It looks like you're using an Ad Blocker.
Please white-list or disable AboveTopSecret.com in your ad-blocking tool.
Some features of ATS will be disabled while you continue to use an ad-blocker.
Travis Kvapil is without a race car for the Sprint Cup Series race this weekend at Atlanta Motor Speedway as authorities are investigating the Friday morning theft of the Team Xtreme No. 44 car from a hotel parking lot in Morrow, Georgia.
Video obtained by police shows that the incident happened at 5:34 a.m. in the parking lot of the Drury Inn. Sgt. Larry Oglesby of the Morrow Police Department told ESPN.com that the incident was reported at 5:50 a.m. and that they are treating the car's disappearance as a stolen vehicle.
Oglesby asked for help in locating the vehicles -- a black 2004 Ford F-350 pulling a white trailer. Both had New Jersey tags. He estimated the overall value of all vehicles -- including the $250,000 race car, engine, parts, etc. -- was between $350,000 and $400,000.
"I just can't believe it. I'm sure that whoever stole it had no idea they were getting a Cup car and a spare engine," Kvapil said. "There's a lot of money inside that little trailer right now. For the team's sake and John Cohen's sake, hopefully the parts and pieces can be recovered or it will be a really huge setback for the team."
Cohen is hoping that because it's a race car -- which can't really be sold without someone knowing where it came from -- that authorities can recover the car.
originally posted by: the owlbear
It's probably painted like the General Lee by now and being used to run Uncle Jesse's moonshine across the state. YEEEEEEEEEEEEEEEEE---HAAAAAAAAAAAWWWW!!!
The No. 44 race car returned to its NASCAR shop in North Carolina on Saturday after it was recovered along a remote road in suburban Atlanta, apparently abandoned by the thieves who stole it from a hotel parking lot.
While the discovery didn't occur in nearly enough time for Team XTREME to compete in this weekend's race at Atlanta Motor Speedway, it was a huge boost for the small-budget operation in its bid to make the next event at Las Vegas.
"There was no damage whatsoever," team owner John Cohen told The Associated Press. "Nothing was taken off the car. Even the antennas that went to the radio were still in the seats."
Police in Gwinnett County northeast of Atlanta received a suspicious vehicle call at approximately 2:30 a.m. Saturday, nearly 24 hours after the race car was stolen, said Jeffery Richter, the public information officer. A motorist spotted the No. 44 machine along a darkened road and quickly realized it must be the stolen race car.
Cohen was called to the scene, confirmed it was his $250,000 race car off the shoulder of the road, and called a tow truck to take it back to their shop in suburban Charlotte.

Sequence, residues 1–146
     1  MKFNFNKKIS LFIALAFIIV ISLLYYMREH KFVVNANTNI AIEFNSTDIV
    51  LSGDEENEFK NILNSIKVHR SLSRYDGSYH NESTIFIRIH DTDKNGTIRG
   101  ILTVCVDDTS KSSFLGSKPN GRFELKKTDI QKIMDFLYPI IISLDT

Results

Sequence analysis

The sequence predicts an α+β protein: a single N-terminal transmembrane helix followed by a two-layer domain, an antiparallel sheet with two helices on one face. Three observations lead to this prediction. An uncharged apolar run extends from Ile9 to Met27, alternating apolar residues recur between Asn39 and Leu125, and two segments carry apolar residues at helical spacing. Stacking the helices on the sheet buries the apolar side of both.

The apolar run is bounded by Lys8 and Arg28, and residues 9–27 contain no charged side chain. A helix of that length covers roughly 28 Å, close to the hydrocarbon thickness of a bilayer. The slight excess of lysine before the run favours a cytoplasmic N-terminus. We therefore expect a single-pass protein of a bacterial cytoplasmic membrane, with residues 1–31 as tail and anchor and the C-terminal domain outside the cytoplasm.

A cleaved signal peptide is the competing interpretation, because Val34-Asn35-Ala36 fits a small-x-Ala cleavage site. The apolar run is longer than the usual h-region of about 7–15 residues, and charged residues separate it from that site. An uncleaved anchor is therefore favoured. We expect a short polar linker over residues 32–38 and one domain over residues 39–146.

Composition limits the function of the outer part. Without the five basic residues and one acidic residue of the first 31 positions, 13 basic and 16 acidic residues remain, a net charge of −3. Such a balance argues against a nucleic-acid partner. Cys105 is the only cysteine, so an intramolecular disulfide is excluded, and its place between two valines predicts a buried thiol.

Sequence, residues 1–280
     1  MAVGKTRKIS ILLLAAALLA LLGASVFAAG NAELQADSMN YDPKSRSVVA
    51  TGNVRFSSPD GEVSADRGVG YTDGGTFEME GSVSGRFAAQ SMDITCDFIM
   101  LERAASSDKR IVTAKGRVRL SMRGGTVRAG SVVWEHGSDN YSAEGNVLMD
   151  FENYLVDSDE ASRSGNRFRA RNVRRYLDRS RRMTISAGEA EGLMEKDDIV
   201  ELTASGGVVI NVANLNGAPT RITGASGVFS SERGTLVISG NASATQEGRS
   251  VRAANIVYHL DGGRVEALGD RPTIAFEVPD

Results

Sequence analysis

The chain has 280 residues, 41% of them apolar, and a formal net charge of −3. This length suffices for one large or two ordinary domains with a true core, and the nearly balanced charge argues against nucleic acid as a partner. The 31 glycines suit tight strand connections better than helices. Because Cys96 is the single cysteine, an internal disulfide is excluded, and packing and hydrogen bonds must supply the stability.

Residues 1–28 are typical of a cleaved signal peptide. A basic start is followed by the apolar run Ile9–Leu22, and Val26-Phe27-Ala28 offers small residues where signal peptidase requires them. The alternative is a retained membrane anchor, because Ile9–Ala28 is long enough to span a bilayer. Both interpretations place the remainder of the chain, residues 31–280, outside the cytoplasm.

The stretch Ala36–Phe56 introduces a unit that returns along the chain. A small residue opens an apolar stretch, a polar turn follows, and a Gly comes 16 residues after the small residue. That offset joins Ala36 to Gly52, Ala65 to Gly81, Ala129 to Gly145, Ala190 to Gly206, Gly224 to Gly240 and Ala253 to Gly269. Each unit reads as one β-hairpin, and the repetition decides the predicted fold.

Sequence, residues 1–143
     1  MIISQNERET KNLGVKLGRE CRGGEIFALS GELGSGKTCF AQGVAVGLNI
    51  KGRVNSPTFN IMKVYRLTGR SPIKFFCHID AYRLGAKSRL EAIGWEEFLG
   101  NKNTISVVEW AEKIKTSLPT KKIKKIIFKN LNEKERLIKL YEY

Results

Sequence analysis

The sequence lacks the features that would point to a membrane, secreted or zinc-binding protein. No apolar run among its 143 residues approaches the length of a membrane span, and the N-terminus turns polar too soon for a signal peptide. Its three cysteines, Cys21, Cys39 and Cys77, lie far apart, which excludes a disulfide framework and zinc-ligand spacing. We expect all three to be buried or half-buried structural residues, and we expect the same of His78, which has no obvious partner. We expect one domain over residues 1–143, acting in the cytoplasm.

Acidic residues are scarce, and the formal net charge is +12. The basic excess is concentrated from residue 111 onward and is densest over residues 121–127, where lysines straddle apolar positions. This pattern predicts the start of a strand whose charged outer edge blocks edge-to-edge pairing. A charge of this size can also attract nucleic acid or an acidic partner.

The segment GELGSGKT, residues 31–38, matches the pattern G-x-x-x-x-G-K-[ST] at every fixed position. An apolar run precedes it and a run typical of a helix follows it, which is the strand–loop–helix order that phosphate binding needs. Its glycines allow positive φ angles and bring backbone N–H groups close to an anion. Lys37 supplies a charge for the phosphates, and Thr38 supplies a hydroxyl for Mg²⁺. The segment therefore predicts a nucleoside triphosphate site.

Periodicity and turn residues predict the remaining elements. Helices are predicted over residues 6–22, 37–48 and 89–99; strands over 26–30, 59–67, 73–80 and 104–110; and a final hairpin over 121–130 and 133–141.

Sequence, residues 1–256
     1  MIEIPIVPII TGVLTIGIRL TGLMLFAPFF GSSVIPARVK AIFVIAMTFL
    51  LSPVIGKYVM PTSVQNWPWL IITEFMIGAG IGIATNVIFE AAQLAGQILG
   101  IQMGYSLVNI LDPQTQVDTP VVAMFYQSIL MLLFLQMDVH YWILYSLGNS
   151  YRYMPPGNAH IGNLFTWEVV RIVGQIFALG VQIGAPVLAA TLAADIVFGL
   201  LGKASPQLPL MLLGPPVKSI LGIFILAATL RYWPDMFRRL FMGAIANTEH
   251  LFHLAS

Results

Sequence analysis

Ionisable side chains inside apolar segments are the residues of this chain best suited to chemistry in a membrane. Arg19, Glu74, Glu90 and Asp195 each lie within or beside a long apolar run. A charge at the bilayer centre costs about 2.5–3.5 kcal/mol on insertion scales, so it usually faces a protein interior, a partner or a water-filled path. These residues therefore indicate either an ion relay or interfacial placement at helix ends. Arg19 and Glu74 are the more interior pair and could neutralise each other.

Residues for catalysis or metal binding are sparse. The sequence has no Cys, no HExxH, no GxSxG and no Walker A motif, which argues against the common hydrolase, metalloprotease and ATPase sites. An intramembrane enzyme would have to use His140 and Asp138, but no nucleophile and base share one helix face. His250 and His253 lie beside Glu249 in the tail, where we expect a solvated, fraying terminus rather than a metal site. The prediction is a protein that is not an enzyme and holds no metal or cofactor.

"It was backwoods," Cohen said. "There were no lights around. (The thieves) made sure no one could see them while they were getting rid of the car."
While the truck and trailer that were hauling the race car weren't found at the scene, the truck was spotted a few hours later in Stockbridge, Georgia, not far from the hotel where the theft took place, said Morrow police Detective Sgt. Larry Oglesby, who led the investigation in the south Atlanta suburb.
"The truck was on the side of the road," Oglesby said. "A citizen driving by noticed it and said, 'Hey, that looks like the truck on TV.'"
He said the handle on the driver side door was busted, as well as the ignition switch. While no arrests had been made, Oglesby said his department had a "person of interest" and was continuing to pursue leads to determine just how many people were involved. He also identified a vehicle used by the thieves, which was spotted on a surveillance video.
There was still no sign of the trailer and its other contents, which included a spare engine valued at $100,000 and racing equipment valued at $17,500.
"We've got two out of three," Oglesby said. "Now we're looking for the trailer."
A man who was driving around in the middle of the night to clear his head has found the $250,000 NASCAR race car that was stolen from a hotel parking lot.
Philip Whitmer, 30, from Monroe, Georgia, was driving along around 2.30am Saturday morning in Atlanta suburb Loganville when he saw driver Travis Kvapil's bright orange Team XTREME car.
The self-employed NASCAR fan had heard about the Friday morning theft outside the team's hotel in Morrow, Georgia, but was 'shocked' when he stumbled upon the now-famous racer while thinking about his 'rocky' relationship.
'It's a very remote road so it's got to be somebody from around here who knows this area to stumble across that road,' he said.
The front of the car near the air dam was damaged, and the car was parked next to a small wooden ramp, presumably used to remove it from the trailer it was stolen in.
Inside of the car appeared fine, according Mr Whitmer.
There is a neighborhood abut 200 yards from where the vehicle was parked, but no suspicious activity was reported in that area prior to Mr Whitmer's call, a spokesman for the Gwennitt County Police told Daily Mail Online.
Mr Whitmer was dismissed from the scene by police while they contacted the small-budget Team XTREME, who arrived at the site around 4:30am.
Mr Whitmer has not yet met the NASCAR team, though police said they would relay his information to the owners.
NASCAR fans and drivers offered rewards for finding the vehicle on Friday, including pit pass tickets to races and a lifetime of free food from Golden Corral offered by driver Michael Waltrip.
Mr Whitmer said he had been contacted on social media by many NASCAR fans and drivers, and that there wasn't anything he'd particularly like but 'it might be nice to have a nice little payday'.
When asked about possibly getting an endless amount of free buffets, he said, 'That'd be fine with me.'